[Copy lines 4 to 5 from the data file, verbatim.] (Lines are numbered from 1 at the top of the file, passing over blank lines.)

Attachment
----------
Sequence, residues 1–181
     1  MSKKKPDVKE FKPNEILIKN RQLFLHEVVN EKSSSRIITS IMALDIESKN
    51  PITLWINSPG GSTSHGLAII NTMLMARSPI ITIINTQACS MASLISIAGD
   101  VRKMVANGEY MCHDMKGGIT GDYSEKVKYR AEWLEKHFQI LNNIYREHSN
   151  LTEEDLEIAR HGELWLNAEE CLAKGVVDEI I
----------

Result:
   101  VRKMVANGEY MCHDMKGGIT GDYSEKVKYR AEWLEKHFQI LNNIYREHSN
   151  LTEEDLEIAR HGELWLNAEE CLAKGVVDEI I